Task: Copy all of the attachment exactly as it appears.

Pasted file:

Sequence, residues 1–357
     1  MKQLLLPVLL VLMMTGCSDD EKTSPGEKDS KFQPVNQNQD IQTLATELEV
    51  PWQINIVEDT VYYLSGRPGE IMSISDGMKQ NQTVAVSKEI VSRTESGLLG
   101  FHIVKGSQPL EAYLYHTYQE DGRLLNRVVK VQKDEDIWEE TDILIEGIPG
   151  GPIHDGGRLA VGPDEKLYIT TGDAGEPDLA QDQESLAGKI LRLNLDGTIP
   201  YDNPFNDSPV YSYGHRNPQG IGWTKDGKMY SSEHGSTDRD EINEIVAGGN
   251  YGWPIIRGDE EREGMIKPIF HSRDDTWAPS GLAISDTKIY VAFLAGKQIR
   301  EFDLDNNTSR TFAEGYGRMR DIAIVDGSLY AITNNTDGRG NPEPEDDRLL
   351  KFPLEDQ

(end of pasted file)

Sequence, residues 1–357
     1  MKQLLLPVLL VLMMTGCSDD EKTSPGEKDS KFQPVNQNQD IQTLATELEV
    51  PWQINIVEDT VYYLSGRPGE IMSISDGMKQ NQTVAVSKEI VSRTESGLLG
   101  FHIVKGSQPL EAYLYHTYQE DGRLLNRVVK VQKDEDIWEE TDILIEGIPG
   151  GPIHDGGRLA VGPDEKLYIT TGDAGEPDLA QDQESLAGKI LRLNLDGTIP
   201  YDNPFNDSPV YSYGHRNPQG IGWTKDGKMY SSEHGSTDRD EINEIVAGGN
   251  YGWPIIRGDE EREGMIKPIF HSRDDTWAPS GLAISDTKIY VAFLAGKQIR
   301  EFDLDNNTSR TFAEGYGRMR DIAIVDGSLY AITNNTDGRG NPEPEDDRLL
   351  KFPLEDQ